Growing up, curse words were strictly forbidden. And rude gestures.
To be honest, they were so taboo that I didn’t even clearly know what they all were until I was well into adulthood.
At the age of five, I found myself embroiled in one of my first knockdown, drag-out girl fights. I have no recollection of the origins of this particular battle. I do remember the other girl was a bit too prim and proper for my liking… until she wasn’t. We yelled. We pulled on hair and clothes. We threw rocks at each other. It wasn’t pretty, but it sure was fun.
The fight culminated in a face-off in the middle of the apartment complex where we both lived. She was running away and I was screaming something about her chicken-livered heart, when she turned around and gave me the finger.
Now, I had no idea of the meaning of this gesture. I didn’t need to in order to feel the power of it. I felt it BIG. And in response I whipped out my own tiny middle finger and raised it on behalf of all the scrappy girls trying to survive in the world.
It felt amazing. Glorious even.
Until I heard someone scream my name from the sliding back door of my apartment, “Kaysie Deanna DODDDDDDDD!!!! Come inside right NOW!”
Only I didn’t know the word “crap” either, so I couldn’t even say that.
Fast forward thirty-ish years and I found myself raising my own little ones and holding them to similar standards. I did my job well. Naïveté thrived in our home. Once while driving past a billboard advertising a rated-R movie, our then eight-year old daughter, Morgan, asked us what that rating actually meant. We explained that those movies were full of inappropriate content like swear words and violence. Morgan then leaned over to her little brothers and whispered, “Ohhhhhh… I’ll bet they say ‘stupid.'”
Bless her sweet little innocent heart.
Not that all of our kiddos toed the line this sweetly.
Charlie came home from his first week of first grade and announced to me that he had “learned all the swears.”
“Really, Charlie? All the swears? Do you even know what those are?”
“Yep. I learned them all today. Here, I’ll show you.”
And he proceeded to methodically spell EVERY. SINGLE. ONE. Well, until I stopped him as he began to spell one that started with the letter “f.”
A few years ago, in the midst of great loss, heartache and stress, I suddenly found that all of these words that had been forbidden to me were popping into my head and coming out of my mouth with greater and greater frequency. Now, let me be quick to say that I didn’t (and don’t) have a problem with this. I think an appropriately-placed swear word here and there allows me a necessary outlet for the expression of another f-word I was taught was undesirable by God and others.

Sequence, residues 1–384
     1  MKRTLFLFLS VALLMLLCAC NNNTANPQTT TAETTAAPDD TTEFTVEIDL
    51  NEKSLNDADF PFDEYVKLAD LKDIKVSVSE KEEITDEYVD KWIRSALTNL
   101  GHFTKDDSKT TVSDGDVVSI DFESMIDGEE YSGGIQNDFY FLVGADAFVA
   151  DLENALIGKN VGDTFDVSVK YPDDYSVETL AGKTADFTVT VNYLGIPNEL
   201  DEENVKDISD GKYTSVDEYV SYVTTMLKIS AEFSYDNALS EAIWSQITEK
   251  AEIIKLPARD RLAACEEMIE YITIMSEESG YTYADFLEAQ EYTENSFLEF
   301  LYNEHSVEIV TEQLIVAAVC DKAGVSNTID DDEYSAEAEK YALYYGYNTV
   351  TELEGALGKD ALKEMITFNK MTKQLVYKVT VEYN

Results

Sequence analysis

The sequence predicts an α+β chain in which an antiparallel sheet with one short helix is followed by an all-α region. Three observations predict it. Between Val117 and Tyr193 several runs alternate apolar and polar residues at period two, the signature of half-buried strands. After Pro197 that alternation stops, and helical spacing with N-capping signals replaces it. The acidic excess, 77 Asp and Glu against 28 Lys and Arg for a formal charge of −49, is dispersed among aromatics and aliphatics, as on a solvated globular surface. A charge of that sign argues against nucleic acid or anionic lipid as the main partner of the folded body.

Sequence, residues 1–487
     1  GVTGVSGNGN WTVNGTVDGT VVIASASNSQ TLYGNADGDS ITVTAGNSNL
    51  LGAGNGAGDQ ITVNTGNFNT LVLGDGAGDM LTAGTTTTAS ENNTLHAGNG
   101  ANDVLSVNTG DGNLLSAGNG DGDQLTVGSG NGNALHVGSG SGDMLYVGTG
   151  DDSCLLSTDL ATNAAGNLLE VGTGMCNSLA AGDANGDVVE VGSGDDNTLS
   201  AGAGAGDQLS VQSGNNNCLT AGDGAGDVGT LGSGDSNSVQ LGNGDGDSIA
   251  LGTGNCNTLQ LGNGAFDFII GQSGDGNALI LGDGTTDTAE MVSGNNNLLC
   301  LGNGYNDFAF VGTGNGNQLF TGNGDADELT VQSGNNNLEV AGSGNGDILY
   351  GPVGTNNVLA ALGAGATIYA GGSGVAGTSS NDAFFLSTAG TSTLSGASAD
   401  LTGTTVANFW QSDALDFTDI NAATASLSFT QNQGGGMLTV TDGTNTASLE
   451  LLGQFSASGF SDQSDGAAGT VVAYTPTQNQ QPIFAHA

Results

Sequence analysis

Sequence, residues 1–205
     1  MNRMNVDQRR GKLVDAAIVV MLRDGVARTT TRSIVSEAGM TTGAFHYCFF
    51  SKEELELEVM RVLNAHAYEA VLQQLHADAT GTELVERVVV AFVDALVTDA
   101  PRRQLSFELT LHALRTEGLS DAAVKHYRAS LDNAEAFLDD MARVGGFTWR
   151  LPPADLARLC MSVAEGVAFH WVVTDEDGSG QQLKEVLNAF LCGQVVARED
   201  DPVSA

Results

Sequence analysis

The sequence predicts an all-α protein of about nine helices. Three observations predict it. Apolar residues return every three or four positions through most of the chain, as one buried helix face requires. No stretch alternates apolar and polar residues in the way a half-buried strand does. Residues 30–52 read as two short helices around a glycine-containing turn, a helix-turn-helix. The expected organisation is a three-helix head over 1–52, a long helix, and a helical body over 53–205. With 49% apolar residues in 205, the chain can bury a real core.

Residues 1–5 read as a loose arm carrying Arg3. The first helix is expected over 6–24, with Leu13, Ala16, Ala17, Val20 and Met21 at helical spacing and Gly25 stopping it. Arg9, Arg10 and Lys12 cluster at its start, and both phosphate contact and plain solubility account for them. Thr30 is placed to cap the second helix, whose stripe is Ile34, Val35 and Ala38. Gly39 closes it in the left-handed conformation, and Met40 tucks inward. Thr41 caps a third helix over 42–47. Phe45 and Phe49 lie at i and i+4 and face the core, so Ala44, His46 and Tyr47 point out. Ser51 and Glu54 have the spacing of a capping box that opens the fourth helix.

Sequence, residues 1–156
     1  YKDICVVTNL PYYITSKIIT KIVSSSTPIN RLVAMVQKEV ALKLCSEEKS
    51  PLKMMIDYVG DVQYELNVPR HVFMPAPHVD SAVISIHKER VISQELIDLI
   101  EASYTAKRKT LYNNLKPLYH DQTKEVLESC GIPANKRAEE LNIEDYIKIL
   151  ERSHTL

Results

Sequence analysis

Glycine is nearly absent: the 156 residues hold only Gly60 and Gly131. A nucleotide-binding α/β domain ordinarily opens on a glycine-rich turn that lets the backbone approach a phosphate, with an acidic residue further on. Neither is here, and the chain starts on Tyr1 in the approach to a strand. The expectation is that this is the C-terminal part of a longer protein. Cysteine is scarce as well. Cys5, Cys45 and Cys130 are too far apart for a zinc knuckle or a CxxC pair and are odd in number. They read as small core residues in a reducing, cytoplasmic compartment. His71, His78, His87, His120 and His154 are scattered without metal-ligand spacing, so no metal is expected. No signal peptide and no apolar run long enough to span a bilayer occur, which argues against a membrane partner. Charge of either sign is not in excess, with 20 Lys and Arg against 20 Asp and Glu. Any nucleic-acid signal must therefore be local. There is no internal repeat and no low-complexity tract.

This f-word is actually harder for me to say than the one considered by most to be totally off-limits.
The unacceptability and unreliability of feelings was not only a not-so-subtle message in my childhood home, it was the main teaching point of many a sermon taught from the pulpit of the various evangelical churches I grew up attending. In fact, if you do a Google search for “fact faith feelings train” you’ll find no shortage of clip art and faith-based teachings to support this idea.
Like this one…
I mean, it sounds right, doesn’t it?
Except that this isn’t actually what scripture says. 2 Corinthians 5:7 is the oft-quoted text used to back up the claim that feelings should take a back seat to the human experience if the human wants to follow Christ. Instead, this scripture tells us that we “live by faith not by what we see with our eyes.” (TPT) And by the way, don’t we as humans typically believe that facts are formed by what we see with our eyes? Hmmm… I actually think Paul would say his faith was informed by his encounters with God and his life experiences. And wouldn’t his feelings about those encounters and experiences be crucial? Remember, he didn’t have the New Testament giving him the facts. He was writing the New Testament.
All that to say, I received a very clear message as a child – feelings are not okay, not safe and not reliable.
And tbh, that set well with my temperament too. I liked feeling invulnerable. I liked feeling like I had everything under control.
Except that it just wasn’t true.
Our bodies don’t actually work this way. In fact, when we receive information in any form, the first thing our brains are designed to do in response is to feel. It’s a safety measure given to us by God within the very design of our bodies and brains. Our feelings are meant to inform the way we take in information, the way we relate to one another, the way we survive in this crazy hard world we live in.
Yes, facts are important. Yes, faith is elemental. But as my therapist likes to say, it’s a “both/and,” not an “either/or” situation.
Facts, faith and feelings are all meant to work together within and around us as we grow and develop.
For my part, I wasn’t (and I’m not) invulnerable. I didn’t (and I don’t) have everything under control. And the more I let myself feel my feelings, the more I learn to trust that they have some really good things to tell me.